That sound you heard was Apple and (perhaps) Google watching as a major market opportunity passes them by.
Capitalizing on what amounts to over-the-speed limit momentum, Amazon has brought two new Echos to the market. The Dot, while interesting, is a fun add-on to smart home geeks who want a smaller, sleeker Echo to put by their bedside (and replace the smartphone as an ad-hoc alarm clock) or in the living room alongside the curved-screen TV, wireless multi-speaker setup and all-in-one remote. More of a disruptive innovation is The Tab, the portable echo.
Truth be told, during my recent travels, I actually woke up and said, “Alexa, what’s the weather today?” not realizing I was 250 miles from my home base. I suppose I was not alone in wanting to take my Genie in a Black Cylinder along for the ride. At $129, considering Tab (whose voice should resemble the opening of a fizzy soft drink can) also doubles as a portable high-end wireless speaker, it’s a decent deal.
But that’s not what caught Apple and Google by surprise. The home security-home automation-smart home market is in the midst of a high-stakes game of Let’s Make A Deal. While I don’t have a precise tally, Amazon Echo seems to be adding more partners than its competitors. Learning from its smartphone debacle, the company wisely chose not to compete directly with the smart device gang and build a piece of hardware consumers can buy without raising the ire of Philips, Honeywell, Ecobee and others. Amazon also saves its partners the trouble of developing their own voice-activated controller which, for most, is not a core competency.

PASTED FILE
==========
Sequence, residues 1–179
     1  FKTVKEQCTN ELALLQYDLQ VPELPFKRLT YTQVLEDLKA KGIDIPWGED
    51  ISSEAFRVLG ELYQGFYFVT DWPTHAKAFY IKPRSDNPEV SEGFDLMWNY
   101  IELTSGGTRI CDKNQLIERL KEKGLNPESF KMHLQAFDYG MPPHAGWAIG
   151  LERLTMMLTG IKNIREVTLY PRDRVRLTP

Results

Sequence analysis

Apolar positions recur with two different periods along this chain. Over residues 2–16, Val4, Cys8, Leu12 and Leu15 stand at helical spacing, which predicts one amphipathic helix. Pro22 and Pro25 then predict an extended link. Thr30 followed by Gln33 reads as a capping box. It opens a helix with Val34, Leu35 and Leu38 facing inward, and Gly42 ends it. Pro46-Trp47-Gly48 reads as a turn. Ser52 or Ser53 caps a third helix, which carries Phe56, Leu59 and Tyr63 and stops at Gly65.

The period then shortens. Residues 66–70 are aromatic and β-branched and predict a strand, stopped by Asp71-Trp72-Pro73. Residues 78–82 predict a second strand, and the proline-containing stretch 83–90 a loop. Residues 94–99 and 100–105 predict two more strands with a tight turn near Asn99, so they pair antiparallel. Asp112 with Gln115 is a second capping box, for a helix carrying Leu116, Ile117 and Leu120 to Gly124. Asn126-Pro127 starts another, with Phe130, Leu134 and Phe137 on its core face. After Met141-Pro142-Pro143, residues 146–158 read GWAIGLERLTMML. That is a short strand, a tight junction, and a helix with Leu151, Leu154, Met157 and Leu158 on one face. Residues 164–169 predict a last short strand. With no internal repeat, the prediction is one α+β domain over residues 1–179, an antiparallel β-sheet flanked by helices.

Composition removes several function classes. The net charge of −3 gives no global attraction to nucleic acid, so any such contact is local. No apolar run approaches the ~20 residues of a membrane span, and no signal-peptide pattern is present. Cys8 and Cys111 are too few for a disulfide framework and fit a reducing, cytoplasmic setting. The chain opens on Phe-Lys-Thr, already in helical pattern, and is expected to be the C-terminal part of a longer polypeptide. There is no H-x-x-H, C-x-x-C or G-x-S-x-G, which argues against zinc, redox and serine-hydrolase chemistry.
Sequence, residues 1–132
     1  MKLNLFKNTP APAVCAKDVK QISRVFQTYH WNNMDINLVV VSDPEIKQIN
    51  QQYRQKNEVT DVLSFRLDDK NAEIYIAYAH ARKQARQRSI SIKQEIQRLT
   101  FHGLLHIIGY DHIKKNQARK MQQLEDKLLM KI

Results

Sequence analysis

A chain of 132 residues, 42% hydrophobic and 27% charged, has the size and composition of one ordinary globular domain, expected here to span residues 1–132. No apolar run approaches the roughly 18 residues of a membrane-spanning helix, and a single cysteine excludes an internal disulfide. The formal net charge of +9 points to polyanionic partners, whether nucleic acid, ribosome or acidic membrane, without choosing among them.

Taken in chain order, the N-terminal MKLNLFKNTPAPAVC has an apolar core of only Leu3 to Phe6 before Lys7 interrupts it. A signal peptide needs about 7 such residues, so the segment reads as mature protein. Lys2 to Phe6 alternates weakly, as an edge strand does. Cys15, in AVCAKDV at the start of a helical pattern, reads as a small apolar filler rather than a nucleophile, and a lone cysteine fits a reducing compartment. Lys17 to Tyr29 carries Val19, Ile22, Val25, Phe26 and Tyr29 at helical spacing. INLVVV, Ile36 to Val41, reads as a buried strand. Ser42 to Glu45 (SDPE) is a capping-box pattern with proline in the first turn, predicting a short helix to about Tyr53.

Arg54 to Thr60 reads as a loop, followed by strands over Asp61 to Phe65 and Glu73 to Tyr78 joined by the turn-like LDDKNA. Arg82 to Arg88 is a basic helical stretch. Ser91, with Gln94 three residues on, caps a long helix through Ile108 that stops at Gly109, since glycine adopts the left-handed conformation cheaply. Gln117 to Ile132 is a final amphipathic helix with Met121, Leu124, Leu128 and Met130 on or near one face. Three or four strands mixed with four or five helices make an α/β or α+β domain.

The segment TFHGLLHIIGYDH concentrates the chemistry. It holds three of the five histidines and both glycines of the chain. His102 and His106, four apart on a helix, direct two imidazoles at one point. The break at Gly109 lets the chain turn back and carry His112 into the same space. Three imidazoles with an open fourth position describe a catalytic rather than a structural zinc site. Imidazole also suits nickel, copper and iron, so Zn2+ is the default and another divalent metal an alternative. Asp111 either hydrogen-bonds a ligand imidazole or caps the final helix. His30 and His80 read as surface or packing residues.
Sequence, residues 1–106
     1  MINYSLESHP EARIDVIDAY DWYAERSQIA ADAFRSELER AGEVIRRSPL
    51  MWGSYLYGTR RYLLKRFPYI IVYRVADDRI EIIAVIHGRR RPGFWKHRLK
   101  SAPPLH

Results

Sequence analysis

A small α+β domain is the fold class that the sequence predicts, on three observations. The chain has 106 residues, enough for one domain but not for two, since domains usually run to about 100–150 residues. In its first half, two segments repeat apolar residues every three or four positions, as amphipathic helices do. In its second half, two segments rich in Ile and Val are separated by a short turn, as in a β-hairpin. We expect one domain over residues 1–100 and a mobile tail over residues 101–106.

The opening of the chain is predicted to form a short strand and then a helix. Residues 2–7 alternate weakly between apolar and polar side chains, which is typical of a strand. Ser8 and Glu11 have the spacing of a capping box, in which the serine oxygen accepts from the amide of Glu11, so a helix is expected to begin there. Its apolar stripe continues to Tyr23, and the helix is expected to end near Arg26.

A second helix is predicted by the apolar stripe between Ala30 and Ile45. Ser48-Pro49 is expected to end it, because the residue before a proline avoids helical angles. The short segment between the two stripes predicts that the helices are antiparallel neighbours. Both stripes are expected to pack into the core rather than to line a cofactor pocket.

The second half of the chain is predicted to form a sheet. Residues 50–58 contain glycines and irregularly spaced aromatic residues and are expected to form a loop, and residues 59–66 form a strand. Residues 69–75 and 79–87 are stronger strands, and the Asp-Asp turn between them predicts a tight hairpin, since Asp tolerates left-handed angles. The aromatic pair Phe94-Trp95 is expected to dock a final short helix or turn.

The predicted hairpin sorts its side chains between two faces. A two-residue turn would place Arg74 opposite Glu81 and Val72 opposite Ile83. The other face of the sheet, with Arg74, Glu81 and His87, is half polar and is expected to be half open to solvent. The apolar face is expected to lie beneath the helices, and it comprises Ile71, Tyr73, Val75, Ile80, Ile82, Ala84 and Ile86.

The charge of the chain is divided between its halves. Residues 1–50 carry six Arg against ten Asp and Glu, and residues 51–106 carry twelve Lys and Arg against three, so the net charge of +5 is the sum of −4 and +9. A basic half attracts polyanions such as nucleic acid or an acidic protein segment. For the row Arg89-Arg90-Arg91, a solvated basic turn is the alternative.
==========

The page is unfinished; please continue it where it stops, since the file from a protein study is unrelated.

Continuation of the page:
As CES 2016 foreshadowed, consumers want the convenience of universally accessing and controlling key part of their world. Hence, there was much hype surrounding connected cars that allow drivers to turn up their thermostats from their dashboards. And yes, one could argue that other voice-activated personal assistants such as Siri perform much the same task, the ease of setup and growing number of smart home partners in Amazon’s crowded queue is a competitive advantage.
Just a quick peek behind the curtains reminds us that more Echos means more information Amazon knows about you. I never quite know how carefully my Echo is listening to our conversations, but there are random times Alexa will pipe in with some non-sequitur remark giving me pause regarding my privacy. Let’s hope Amazon always keeps the consumer’s personal information locked away somewhere deep in the bowels of the AWS servers.
The day-to-day drama of this fascinating smart home space has yet to develop to the point where clear-cut winners have emerged. But when it comes to strong contenders for a pole position, Amazon has to be considered a Prime candidate.